A British MP has questioned the government as to how horse meat and pig DNA were found in burgers on sale in supermarkets in the country.
There have been calls for an inquiry after tests by the Food Safety Authority of Ireland found that beef products sold in many stores contained low levels of horse DNA, the Telegraph reported.
More than 37% of products tested in Ireland contained horse DNA, while 85 percent also contained pig DNA.
Horse meat and pig DNA was found in 27 beef burger products. Another 31 foods, including cottage pies, beef curry pies and lasagnes, were analysed, with 21 testing positive for pig DNA.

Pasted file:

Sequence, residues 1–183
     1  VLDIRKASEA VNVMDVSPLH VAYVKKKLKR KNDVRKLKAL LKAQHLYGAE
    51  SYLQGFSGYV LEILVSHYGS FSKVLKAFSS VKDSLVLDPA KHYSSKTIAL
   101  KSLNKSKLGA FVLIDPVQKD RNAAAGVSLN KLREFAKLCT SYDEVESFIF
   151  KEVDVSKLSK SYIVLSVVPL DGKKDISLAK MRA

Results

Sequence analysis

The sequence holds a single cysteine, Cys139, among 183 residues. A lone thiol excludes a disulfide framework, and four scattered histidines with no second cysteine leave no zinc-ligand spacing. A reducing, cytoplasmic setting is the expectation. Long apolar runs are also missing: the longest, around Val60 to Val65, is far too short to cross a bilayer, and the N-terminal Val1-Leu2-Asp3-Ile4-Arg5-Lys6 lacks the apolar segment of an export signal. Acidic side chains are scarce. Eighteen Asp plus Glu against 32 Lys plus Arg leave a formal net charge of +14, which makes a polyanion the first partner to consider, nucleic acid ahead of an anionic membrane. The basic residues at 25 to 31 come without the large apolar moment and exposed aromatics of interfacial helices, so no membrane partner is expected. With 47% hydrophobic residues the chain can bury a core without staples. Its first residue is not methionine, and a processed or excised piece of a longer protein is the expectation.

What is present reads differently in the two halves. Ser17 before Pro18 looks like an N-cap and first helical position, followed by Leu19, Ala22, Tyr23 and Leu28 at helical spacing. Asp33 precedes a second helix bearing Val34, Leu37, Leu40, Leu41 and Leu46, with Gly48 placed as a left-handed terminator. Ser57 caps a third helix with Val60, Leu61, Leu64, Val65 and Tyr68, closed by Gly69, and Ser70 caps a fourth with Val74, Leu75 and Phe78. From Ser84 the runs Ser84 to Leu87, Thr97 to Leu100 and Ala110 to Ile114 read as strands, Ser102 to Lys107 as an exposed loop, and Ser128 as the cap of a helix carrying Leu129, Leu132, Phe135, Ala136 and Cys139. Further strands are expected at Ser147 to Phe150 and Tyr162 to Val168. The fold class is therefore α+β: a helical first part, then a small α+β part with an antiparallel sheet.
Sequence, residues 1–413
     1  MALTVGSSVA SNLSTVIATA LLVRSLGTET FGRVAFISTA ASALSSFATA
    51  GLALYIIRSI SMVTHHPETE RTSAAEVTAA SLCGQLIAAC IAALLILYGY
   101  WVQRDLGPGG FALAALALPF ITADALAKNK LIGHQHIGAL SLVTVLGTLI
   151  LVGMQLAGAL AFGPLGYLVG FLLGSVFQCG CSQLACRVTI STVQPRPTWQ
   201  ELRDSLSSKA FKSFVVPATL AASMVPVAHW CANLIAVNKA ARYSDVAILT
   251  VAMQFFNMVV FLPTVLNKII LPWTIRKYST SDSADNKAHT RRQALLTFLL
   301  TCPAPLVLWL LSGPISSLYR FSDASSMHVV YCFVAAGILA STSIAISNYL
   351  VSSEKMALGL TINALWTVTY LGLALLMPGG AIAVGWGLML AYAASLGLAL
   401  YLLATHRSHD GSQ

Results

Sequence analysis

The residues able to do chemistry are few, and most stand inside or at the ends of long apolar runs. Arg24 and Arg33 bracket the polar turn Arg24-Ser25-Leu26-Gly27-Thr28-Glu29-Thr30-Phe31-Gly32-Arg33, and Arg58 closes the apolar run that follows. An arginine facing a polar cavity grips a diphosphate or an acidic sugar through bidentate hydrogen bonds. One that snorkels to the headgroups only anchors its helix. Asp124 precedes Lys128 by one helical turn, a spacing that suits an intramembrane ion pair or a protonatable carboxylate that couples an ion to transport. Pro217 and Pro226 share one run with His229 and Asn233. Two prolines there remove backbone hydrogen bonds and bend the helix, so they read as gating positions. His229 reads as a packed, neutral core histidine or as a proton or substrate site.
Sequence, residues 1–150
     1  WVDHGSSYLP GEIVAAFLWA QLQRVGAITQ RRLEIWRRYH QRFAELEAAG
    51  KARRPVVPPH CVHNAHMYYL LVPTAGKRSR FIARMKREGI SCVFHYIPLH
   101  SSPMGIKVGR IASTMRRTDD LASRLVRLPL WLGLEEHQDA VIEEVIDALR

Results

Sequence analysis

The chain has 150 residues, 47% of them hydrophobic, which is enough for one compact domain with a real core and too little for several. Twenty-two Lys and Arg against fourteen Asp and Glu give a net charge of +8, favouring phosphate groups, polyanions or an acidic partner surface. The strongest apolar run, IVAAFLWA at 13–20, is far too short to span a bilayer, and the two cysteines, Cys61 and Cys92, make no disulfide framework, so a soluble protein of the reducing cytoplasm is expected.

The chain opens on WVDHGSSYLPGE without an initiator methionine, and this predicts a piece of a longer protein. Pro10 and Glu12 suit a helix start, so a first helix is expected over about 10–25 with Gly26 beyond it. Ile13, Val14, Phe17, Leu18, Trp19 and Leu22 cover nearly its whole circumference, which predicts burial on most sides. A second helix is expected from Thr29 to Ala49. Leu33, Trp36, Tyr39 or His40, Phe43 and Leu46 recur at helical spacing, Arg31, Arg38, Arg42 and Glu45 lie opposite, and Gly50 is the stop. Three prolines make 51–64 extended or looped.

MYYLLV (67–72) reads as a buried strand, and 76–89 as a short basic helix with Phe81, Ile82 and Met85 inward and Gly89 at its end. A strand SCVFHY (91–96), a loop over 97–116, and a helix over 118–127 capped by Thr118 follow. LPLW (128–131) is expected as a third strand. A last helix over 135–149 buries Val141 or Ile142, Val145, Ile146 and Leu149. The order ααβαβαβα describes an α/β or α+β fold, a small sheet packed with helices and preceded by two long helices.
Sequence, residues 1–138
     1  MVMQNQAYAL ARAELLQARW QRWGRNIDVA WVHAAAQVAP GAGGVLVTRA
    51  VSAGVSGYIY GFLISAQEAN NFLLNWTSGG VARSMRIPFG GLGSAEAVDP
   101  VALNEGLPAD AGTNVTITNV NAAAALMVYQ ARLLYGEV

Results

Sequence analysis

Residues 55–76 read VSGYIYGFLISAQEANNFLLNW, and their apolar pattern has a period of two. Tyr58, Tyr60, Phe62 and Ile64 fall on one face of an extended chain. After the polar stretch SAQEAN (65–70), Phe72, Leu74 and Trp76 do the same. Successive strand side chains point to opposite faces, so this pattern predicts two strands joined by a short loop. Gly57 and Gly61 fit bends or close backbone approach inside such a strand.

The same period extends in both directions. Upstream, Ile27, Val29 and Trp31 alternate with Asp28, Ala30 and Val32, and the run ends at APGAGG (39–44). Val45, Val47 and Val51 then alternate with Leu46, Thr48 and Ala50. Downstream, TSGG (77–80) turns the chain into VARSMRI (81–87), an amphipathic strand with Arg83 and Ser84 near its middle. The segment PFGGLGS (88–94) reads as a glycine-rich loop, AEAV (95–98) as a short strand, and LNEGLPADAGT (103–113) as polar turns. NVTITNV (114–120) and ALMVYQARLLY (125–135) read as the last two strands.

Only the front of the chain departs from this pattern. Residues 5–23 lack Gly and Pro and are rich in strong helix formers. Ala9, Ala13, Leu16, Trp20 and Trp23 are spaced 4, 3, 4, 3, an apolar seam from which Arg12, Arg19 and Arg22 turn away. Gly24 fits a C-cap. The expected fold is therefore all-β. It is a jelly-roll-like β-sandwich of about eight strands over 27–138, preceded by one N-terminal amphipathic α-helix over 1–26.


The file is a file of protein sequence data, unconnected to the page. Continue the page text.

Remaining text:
Traces of horse DNA were also detected in batches of raw ingredients.
Mary Creagh, Labour shadow secretary of state for environment, food and rural affairs, said it was a "wake up call" to the government.
In one store, beef burgers, now removed from sale, were found to contain approximately 29 percent of horse meat.
"There are serious questions for the government to answer about what happened and why it wasn't detected by British food safety authorities," the MP said.
Labour MP Barry Gardiner, who sits on the House of Commons food, environment and rural affairs committee, said it looked as if there had been "fraud, misrepresentation and incompetence" at the highest levels.